Important Things To Note About Senior Horse Supplements
- There are supplements specially formulated for senior horses. They are an all-in-one formula that helps take care of the challenges older horses may face.
- They may include ingredients that address anything related to joint health.
- There may also be supplements that boost the immune system as this is likely to weaken with age.
- Other senior horses’ supplements are for weight maintenance.
- Some digestive support supplements can also take care of senior horses.
- It is good to exercise some caution so you do not overfeed your horse with supplements. Some of them may contain what your horse is already deriving from other sources.
- You also need to watch out for banned substances. Don’t make the mistake of feeding your horse with this in the name of supplements. Some associations conduct blood tests for these. A good understanding of the contents label will help.
- Look also for products with a seal of approval form authorized regulators. The National Animal Supplement Council (NASC) is one of such. Such a seal provides further assurance that what you are giving your horse is exactly what is listed on the label.
10. Multipurpose Supplements
These are supplements that help slow down the effect of aging in horses. They will help a horse to stay active and agile. They do to horses what multivitamins do to humans.
If your horse feeds on multipurpose supplements, you may not need corrective supplements. This is because their hooves, coat, and joints will be well supported. These supplements will also make up for any equine dietary inadequacies. Your horse’s system will have a big enough supply of vitamins and minerals.
Functions of Common Multivitamin Supplements
- Vitamins A, C, D, and E combined will make your horse’s coat shiny and smooth.
- Individual formulation of these vitamins can do this to a degree.
- Omega 3 and 6 are also capable of doing the same, as essential fatty acids (EFAs).
- Glucosamine sulfate can take care of joints flexibility and prevent or reduce stiffness.
11. Health Aids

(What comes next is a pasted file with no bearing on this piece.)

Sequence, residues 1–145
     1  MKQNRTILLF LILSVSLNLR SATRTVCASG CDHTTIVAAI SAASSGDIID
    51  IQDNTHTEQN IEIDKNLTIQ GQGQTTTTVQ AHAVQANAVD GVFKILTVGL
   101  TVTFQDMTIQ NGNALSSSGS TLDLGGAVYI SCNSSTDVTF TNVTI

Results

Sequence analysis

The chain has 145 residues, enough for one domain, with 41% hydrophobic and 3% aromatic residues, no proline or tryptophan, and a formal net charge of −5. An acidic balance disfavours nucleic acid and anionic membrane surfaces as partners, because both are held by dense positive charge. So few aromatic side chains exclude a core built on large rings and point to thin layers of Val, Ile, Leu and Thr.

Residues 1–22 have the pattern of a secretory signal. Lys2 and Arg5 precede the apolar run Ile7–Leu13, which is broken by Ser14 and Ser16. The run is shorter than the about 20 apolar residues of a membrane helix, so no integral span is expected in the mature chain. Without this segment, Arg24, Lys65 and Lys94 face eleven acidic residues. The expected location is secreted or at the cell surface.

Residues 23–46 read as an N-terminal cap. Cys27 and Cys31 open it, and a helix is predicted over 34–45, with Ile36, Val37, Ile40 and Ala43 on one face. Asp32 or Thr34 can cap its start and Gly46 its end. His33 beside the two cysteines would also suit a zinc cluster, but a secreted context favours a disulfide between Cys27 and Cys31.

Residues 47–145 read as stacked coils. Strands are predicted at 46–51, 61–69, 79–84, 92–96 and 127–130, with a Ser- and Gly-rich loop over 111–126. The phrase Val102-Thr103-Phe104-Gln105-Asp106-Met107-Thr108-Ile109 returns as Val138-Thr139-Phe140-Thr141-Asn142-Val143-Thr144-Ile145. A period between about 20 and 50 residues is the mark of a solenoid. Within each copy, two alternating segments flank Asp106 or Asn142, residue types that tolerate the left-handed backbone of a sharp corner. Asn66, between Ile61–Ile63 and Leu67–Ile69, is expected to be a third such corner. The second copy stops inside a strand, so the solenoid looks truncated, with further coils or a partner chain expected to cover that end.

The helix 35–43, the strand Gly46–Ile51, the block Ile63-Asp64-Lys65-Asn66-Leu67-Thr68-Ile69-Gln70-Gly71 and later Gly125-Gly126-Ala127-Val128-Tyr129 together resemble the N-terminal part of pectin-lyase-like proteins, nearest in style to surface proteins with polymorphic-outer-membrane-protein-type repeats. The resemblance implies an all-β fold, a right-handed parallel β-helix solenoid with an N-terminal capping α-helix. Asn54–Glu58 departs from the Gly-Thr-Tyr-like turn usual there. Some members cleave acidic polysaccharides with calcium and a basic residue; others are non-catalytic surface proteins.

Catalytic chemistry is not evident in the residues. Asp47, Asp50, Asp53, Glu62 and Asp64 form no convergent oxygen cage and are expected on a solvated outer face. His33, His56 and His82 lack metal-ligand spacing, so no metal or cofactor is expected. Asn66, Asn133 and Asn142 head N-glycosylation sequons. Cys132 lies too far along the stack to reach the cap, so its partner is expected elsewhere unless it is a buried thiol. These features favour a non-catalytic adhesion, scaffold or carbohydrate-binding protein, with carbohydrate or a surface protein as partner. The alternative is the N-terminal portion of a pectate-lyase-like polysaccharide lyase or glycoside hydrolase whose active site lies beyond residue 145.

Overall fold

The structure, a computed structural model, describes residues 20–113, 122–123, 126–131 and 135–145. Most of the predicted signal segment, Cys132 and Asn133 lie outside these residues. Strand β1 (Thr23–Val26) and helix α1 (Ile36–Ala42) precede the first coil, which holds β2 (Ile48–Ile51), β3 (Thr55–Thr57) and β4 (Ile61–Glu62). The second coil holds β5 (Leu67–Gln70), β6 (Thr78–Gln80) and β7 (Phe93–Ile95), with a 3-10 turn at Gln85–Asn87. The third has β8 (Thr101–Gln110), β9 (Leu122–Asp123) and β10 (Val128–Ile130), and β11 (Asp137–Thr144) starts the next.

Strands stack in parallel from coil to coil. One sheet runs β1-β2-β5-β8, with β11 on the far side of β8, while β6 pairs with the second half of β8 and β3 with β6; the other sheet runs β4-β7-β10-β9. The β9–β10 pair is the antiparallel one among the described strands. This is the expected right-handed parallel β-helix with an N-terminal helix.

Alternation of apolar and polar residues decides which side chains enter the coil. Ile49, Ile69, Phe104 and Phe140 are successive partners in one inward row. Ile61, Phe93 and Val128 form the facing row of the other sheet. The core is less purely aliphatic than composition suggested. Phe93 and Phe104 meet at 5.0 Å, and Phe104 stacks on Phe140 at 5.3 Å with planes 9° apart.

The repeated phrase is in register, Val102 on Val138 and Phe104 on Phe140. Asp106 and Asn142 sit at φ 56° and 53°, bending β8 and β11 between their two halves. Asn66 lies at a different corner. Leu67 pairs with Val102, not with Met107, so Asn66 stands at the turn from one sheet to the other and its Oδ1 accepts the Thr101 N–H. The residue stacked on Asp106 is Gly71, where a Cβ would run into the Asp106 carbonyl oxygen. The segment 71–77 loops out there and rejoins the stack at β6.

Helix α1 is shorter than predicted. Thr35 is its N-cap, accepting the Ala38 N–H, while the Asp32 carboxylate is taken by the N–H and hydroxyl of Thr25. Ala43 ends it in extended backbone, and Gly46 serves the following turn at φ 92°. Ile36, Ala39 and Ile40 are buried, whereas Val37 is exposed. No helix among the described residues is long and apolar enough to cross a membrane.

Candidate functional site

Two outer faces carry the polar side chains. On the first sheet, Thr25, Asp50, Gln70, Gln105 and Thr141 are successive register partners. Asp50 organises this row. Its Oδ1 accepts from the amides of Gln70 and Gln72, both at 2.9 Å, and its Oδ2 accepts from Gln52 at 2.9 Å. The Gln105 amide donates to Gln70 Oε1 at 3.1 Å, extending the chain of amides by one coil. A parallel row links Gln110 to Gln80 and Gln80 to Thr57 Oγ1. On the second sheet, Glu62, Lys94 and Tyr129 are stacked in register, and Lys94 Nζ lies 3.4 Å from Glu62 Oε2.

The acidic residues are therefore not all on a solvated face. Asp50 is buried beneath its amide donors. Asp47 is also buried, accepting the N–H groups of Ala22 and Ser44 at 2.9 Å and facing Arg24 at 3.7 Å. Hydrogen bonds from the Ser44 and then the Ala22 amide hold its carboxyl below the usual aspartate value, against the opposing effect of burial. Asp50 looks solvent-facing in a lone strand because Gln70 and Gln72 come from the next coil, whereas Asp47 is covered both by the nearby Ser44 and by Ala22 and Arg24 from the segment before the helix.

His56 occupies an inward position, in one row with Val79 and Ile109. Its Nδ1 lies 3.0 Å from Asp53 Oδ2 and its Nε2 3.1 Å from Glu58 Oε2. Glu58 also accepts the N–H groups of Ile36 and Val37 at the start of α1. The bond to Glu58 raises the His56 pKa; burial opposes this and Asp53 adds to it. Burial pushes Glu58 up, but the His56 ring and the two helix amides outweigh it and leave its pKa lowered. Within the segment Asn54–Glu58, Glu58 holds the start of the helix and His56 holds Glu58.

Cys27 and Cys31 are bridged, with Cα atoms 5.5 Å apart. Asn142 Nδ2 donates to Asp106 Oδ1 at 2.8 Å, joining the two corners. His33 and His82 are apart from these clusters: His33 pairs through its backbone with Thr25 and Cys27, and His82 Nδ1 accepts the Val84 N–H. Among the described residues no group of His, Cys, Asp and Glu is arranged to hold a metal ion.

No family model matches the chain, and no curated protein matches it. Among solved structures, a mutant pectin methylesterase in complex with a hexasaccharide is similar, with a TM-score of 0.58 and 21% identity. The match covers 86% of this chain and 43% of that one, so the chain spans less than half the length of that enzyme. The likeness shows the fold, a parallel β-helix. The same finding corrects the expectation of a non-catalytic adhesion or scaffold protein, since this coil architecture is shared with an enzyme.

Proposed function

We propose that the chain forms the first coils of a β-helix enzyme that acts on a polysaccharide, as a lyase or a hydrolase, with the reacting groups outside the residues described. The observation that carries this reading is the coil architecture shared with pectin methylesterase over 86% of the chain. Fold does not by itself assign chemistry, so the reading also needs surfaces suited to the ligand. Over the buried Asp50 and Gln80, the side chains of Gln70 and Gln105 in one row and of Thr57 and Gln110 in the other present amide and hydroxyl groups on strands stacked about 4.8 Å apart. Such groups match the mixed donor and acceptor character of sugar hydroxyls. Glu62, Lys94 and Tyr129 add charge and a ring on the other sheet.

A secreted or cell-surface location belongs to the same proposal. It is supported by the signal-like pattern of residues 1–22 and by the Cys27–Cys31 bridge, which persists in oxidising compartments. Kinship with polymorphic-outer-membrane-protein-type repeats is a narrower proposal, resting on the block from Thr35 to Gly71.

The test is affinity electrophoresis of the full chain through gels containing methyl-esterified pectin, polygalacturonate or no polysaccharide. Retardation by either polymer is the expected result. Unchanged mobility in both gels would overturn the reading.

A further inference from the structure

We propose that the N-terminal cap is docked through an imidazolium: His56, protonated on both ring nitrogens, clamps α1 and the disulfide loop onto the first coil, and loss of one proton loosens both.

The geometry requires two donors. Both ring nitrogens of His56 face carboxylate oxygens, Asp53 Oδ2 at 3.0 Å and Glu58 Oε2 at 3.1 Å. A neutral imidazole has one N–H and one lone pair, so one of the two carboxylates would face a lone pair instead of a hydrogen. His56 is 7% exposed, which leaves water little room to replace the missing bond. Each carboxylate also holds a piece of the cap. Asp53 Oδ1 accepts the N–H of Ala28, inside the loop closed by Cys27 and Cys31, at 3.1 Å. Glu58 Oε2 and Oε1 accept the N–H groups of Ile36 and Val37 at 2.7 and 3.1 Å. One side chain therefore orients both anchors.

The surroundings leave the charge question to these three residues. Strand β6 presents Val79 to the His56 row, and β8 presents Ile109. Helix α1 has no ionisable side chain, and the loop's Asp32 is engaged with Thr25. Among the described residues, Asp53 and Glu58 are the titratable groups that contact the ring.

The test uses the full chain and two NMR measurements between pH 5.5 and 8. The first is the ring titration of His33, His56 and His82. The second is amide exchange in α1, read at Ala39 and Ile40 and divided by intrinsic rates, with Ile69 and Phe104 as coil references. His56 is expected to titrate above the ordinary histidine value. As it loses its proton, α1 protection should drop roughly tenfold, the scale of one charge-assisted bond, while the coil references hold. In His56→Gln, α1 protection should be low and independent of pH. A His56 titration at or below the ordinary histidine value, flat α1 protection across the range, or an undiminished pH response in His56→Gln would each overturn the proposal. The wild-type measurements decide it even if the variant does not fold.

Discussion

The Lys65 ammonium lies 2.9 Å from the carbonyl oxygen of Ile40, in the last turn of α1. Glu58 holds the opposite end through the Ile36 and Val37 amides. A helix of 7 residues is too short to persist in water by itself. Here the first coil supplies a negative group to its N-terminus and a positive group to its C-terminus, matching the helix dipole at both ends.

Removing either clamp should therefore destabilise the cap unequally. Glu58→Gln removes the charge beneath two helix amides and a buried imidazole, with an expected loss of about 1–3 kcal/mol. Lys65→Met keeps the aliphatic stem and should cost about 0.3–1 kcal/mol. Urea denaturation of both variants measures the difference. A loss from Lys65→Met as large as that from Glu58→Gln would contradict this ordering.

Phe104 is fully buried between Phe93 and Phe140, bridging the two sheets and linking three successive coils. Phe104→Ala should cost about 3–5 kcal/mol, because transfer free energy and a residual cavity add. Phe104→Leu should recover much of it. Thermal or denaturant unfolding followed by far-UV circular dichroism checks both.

On a general note, most packaged equine feeds can belong to one type of horse supplement or the other. So, they may be helpful in certain ways. But they may also be harmful. The ones recognized as beneficial are not completely risk-free.
Consider, for instance, a flaxseed meal. It treats the horse’s coat in a nice way and assists an itchy horse or one with hives. But it can increase the risk of bleeding. Another example is vitamin E. It is rich as an essential muscular and neurological equine supplements. It’s important for horses that are not getting enough grass in their diets. Yet, this supplement is capable of elongating bleeding time. Fish oil is yet another supplement with similar features.
Factors Determining the Use of Horse Supplements
It is important to consider the following factors before deciding which of the different types of supplements to give your horse.
Combination Supplements or Single Supplements
As you have already seen, there are combination supplements. They are formulated to take care of so many aspects of equine well-being. Many horse owners find them convenient. You don’t need to carry more containers. You are less likely to forget the prescription or miss dosages. Nonetheless, using combination supplements come with some challenges. Their efficacy in a particular case depends on the amount of each ingredient in them. Some ingredients may be too little in a supplement to make the advertised impact. Others may be too much and cause some serious side effects. In that case, it may be advisable to go for supplements that tackle a particular condition.
Ingredients interaction and stability
You need to consider the stability of each ingredient in the supplement. The physical and chemical environments may impact on certain nutrients. This will reduce their effectiveness. Others change formation when mixed with other ingredients. They can then become even harmful to your horse.
The key things you need to know about different types of supplements and how they affect your horse. You are always going to need to supplement your horse’s food to boost their vitality. The important thing is knowing exactly what type of supplement your horse needs, and in what quantity. This is where the services of a horse nutritionist is crucial.
Table Of Contents
Chapter 1 – Different Types Of Supplements For Horses
Chapter 2 – Vitamins And Minerals
Chapter 3 – Digestive Support Supplements
Chapter 4 – Gastric Support Supplements
Chapter 5 – Bone And Joint Supplements
Chapter 6 – Hoof Care Supplements
Chapter 7 – Weight Gain Supplements
Chapter 8 – Performance Enhancement Supplements
Chapter 9 – Calming Supplements
Chapter 10 – Senior Horse Supplements
Chapter 11 – Multipurpose Supplements
Chapter 12 – Health Aids
Chapter 13 – Conclusion